Being a vegetarian comes with numerous health benefits including low blood pressure and better weight management. Omnivores are exposed to higher risks of developing diabetes, osteoporosis, cardiovascular diseases, cancer, etc. A vegan diet is, therefore, a great way to promote healthy living and wellness in your lifestyle as you also reduce the carbon footprint.
However, did you know that although unhealthy, meat features important nutrients that aid in proper body functionality? Eating more vegetables and fruits leads to a vegan vitamin deficiency that you should understand to counteract the effects.
Tips to Get Sufficient Vitamins As a Vegan
Plant-based meals are rich in fiber and phytochemicals while they’re low in saturated fats. These nutrients will boost your immunity and promote a healthy lifestyle. According to research, vegans have a 45 percent less probability of developing cancer as compared to omnivores.
Despite the beauty that lies in going the nature’s path and consuming plant-based food, the diet comes with nutritional deficiencies for:
Vitamin B12 aids brain functionality while promoting healthy blood flow. Bacteria found in animal foods such as meat, eggs, and dairy products make this vitamin. Vitamin B12 deficiency may lead to megaloblastic anemia whose symptoms include a low count of red blood cells that also have an abnormally larger size.
To prevent vitamin B12 deficiency you can opt for supplements or consumption of whole foods such as nutritional yeast. You can also eat edible mushrooms, nut milk, and fermented soybeans since they undergo bacterial activity.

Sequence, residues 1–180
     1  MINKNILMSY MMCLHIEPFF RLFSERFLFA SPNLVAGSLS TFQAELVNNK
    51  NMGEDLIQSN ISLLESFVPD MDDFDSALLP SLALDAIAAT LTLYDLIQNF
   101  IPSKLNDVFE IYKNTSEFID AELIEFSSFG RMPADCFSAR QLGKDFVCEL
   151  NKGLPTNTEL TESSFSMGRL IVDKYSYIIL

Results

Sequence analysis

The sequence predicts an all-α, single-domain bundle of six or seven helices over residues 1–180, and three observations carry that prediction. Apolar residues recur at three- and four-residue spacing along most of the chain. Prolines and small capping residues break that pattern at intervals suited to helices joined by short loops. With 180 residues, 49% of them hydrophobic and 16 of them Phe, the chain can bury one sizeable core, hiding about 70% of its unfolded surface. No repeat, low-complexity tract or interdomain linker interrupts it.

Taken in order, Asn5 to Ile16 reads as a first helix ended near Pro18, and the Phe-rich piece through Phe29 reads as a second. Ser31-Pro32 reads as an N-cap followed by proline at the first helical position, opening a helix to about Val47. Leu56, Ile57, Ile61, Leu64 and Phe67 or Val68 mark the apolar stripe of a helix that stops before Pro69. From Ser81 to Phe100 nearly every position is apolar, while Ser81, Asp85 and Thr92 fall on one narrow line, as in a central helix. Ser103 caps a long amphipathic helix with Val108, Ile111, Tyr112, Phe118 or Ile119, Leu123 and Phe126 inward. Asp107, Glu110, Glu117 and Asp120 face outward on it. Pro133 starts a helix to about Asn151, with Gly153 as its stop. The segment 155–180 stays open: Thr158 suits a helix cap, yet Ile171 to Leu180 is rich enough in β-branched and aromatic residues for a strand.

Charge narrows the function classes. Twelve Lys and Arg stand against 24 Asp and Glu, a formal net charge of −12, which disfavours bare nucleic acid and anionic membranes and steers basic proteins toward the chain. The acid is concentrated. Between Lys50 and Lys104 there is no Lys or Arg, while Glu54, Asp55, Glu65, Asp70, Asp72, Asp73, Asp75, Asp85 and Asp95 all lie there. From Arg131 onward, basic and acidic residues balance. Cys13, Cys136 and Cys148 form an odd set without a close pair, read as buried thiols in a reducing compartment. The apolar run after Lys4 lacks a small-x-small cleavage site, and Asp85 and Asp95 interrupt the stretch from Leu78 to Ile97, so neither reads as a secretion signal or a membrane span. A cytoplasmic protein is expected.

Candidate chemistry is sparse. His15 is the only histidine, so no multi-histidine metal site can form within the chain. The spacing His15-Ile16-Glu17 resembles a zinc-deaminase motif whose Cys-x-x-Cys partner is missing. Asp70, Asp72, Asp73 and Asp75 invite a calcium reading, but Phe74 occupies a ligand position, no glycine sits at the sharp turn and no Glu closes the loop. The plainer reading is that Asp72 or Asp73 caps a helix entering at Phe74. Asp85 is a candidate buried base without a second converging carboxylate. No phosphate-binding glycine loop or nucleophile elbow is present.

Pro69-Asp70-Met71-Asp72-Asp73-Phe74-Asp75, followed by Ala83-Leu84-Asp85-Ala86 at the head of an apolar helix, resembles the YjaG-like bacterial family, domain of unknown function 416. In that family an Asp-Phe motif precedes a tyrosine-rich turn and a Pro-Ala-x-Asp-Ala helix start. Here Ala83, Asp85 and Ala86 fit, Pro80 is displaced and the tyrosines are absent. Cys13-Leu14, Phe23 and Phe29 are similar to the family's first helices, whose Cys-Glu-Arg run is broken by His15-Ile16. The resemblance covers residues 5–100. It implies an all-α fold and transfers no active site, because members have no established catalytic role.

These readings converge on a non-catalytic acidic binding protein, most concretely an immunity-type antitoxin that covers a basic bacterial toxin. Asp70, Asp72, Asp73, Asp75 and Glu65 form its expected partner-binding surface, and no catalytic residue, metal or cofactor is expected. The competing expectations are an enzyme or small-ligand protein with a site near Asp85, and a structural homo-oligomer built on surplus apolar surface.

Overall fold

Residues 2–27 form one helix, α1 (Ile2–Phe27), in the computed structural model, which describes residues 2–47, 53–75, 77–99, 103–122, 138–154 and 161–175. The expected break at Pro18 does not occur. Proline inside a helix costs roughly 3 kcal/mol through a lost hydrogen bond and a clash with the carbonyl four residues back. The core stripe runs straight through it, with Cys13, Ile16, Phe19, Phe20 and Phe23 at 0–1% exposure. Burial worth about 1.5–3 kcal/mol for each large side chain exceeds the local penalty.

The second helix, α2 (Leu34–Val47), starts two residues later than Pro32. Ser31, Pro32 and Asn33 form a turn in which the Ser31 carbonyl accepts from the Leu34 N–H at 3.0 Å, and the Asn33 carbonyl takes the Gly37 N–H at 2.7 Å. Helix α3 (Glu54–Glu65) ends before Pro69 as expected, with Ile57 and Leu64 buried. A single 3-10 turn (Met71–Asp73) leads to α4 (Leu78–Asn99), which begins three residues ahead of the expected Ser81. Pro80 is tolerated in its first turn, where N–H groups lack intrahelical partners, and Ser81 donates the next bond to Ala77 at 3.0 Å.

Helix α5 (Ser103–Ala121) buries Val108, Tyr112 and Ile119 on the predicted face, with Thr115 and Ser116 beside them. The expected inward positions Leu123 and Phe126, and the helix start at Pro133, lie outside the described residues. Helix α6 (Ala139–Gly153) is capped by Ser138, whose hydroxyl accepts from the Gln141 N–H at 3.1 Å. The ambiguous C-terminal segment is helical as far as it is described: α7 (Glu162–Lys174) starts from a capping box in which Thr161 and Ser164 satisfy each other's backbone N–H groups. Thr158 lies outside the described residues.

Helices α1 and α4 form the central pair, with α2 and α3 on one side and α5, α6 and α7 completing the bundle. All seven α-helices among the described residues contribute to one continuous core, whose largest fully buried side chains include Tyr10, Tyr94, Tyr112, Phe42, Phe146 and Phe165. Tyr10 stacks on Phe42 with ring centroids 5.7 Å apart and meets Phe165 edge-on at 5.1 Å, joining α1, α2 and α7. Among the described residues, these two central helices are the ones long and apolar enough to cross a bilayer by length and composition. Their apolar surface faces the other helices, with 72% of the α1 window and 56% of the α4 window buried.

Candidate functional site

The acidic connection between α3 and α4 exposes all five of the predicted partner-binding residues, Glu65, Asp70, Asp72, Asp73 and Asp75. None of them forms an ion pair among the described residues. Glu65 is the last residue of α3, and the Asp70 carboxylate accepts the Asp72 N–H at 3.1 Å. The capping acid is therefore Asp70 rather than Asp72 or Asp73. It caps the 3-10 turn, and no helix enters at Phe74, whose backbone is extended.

Iodine is important for proper neurological development and healthy metabolic regulation thanks to thyroxine production. Plant-based diets feature iodine depending on where the plants were grown. If you consume fruits and vegetables growing in iodine-deficient soil, then you'll also experience iodine deficiency.
To be on the safe side, you can add iodized salt into your food or include seaweed, soy, or nut milk in your diet.
Few plant-based meals have zinc. Beans and whole grains have high zinc levels, but the phytic acid in them makes zinc absorption difficult. If you have zinc deficiency, you may have a poor immune system, diarrhea, hair, and appetite loss, to say the least.
To increase zinc absorption from legumes and whole-grain, consider soaking them before cooking. You can also add pumpkin seeds, chickpeas, cashew nuts, and yogurt into your diet for more zinc.
Vitamin D is from the sun and it promotes healthy bone development while boosting your immunity. It’s challenging to obtain dietary vitamin D, hence the need for at least 10 to 15 minutes sunlight exposure a day for sufficient vitamin D. Orange juice, certain mushrooms, and soy milk are also rich in vitamin D.
Omega-3 fatty acids
Fish like tuna and salmon are the richest sources of omega-3 fatty acids for better brain function, lower cholesterol, anti-inflammatory effects, and eye functionality. For these and more health benefits, a vegan should eat more chia seeds and walnuts to get adequate omega-3s.
Although vegetables and fruits are nutrient-rich, a vegan diet should integrate a variety of foods for a balanced diet. If you can’t add all food types in your diet, talk to a nutrition professional for guidance, and obtain supplements. When choosing nutrient supplements for your deficiency, go for the certified brands as they represent high potency and purity standards.